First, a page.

It bugged me that the immensely profitable, publicly traded, multinational corporation used taxpayer-funded premises to sell books and associated junk to kids while they were at school, pushing out a music program for the week.
Yes, in-school shopping. It’s a thing, but It shouldn’t be.
The Vancouver School Board (VSB) had strong policy in place that was intended to prevent marketing and selling commercial products to kids at school, but enforcing it was like playing a game of Whac-A-Mole. After the board I was on was fired in 2016 by the former government, the policy was turned into some sort of administrative “procedure”.
Although the VSB’s “procedure” opens with a clear statement that “Schools, as educational institutions with a ‘captive’ clientele, must not become vehicles for the circulation of materials intended primarily for commercial gain,” a district spokesperson told me that staff merely look at it “as a guide when making determinations about programs/activities in schools”.
I miss the old days, when policies were meant to be followed and managers bothered to enforce them.
Scholastic sells books, mostly. What’s not to like?
It’s good to get kids excited about books, right? Well, a teacher I heard from one year told me how heart-wrenching it was when kids in the low-income community in which she taught were taken to “preview” the book “fair”. She said they were instructed to have kids do the pre-shop so they could invoke the nag factor to get parents to come to the book
sale fair during class time. A “fair” sounds like so much fun, doesn’t it?
These were kids whose families relied on food banks when their money ran out. She knew some kids would be able to buy stuff, but many would not. Inequality hurts, and having it rubbed in and compounded at school is wrong.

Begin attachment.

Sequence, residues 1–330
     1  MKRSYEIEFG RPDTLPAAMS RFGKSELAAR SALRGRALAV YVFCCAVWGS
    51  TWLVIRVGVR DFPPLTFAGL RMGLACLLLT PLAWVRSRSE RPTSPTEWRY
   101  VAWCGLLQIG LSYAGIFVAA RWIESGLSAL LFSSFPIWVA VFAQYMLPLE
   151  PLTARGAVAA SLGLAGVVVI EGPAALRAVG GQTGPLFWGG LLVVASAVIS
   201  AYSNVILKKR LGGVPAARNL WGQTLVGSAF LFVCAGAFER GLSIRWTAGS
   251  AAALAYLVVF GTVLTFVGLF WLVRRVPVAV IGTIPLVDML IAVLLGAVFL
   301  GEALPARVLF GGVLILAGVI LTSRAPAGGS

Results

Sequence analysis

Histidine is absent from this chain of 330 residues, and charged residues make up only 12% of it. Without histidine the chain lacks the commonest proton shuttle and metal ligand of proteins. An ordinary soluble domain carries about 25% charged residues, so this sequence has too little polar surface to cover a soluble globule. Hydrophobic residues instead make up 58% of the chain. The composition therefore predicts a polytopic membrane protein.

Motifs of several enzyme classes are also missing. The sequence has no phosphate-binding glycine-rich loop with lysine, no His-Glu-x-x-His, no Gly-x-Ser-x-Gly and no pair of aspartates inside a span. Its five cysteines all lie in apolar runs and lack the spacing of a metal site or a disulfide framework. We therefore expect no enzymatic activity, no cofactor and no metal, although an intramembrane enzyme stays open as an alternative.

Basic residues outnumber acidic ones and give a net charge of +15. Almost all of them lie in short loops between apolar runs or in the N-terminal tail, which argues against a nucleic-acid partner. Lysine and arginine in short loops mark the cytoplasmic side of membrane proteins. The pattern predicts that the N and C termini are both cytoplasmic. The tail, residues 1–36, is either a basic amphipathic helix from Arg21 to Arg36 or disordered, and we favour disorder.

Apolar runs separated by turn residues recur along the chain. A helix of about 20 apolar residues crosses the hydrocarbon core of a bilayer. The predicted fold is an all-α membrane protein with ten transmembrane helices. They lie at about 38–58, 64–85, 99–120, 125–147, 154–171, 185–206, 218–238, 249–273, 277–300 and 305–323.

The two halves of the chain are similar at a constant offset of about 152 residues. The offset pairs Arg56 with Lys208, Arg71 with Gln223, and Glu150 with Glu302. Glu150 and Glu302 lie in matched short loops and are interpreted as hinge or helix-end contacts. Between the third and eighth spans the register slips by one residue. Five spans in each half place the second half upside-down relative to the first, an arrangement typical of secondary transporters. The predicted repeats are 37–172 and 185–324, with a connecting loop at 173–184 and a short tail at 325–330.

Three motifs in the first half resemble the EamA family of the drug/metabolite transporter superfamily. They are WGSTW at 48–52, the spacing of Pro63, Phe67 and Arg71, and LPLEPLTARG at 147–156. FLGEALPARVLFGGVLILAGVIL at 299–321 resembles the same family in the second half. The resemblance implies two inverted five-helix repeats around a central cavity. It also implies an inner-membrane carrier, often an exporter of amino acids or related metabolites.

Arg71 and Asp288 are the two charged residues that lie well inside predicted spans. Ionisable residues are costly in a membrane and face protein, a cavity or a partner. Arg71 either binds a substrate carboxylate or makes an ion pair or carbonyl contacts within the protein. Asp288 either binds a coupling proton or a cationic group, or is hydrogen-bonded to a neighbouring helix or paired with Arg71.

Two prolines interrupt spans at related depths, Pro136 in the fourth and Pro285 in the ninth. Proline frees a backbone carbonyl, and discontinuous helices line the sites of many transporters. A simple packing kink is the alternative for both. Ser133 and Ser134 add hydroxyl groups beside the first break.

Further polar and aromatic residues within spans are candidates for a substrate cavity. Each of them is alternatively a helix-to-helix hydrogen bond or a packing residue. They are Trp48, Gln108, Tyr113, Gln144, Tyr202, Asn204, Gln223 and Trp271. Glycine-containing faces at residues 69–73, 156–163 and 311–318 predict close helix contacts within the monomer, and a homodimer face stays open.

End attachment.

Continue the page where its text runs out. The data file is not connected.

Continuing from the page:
Schools and teachers, and some parent advisory councils, go along with selling Scholastic products and setting up their pop-up stores in schools because it’s one of the few ways cash-strapped schools can get new books. Schools in low-income areas may sell a few hundred dollars' worth of books and toys, but you can bet those in wealthier neighbourhoods can process thousands of dollars in orders, exacerbating the inequities that already exists between public schools.
Schools get a cut of the Scholastic sales and use that to stock libraries and classrooms. It also makes it hard for smaller publishers and bookstores to compete, given how low Scholastic can price its products by using schools to sell for them. I suspect it may have helped put smaller operators out of business.
It’s been going on for decades. Schools shouldn’t feel compelled to flog Scholastic’s products for them, but the underfunding of schools and their libraries has become so normalized that few question the appropriateness of the school-to-home marketing model any more.
Sorry, kids, but that’s how I see it
I know a lot of kids love Scholastic catalogues and book fairs, and no doubt there are some whose love of reading was perhaps sparked by Scholastic products, but I’m betting there are some who remember how much it sucked feeling pressured to buy things their family couldn’t afford.
I realize a lot of teachers and school librarians count on Scholastic sales to stock their classrooms and libraries and are willing to donate their time to give out the catalogues, take orders and payment, and distribute the products. I wish they didn’t feel they have to do that and that the government funded public schools enough so that teachers and librarians could focus their time and efforts on their actual jobs instead of finding ways to get the resources that should be provided to all schools.
You don’t see doctors flogging vitamins and other stuff directly to their patients so they can get a cut for office supplies (at least I hope they don’t). We should be equally appalled that professionals who are paid to educate our children feel compelled to work for free for a huge corporation just so they can get some reading materials for their school.
B.C.’s new school curriculum talks a lot about “critical and reflective thinking”. The school-to-home marketing model and in-school shopping at book fairs clearly warrant being subjected to the rigours of critical thought. The conclusion should be that sometimes “free"—as in those free books schools get in return for flogging Scholastic products to captive kids—may be too expensive.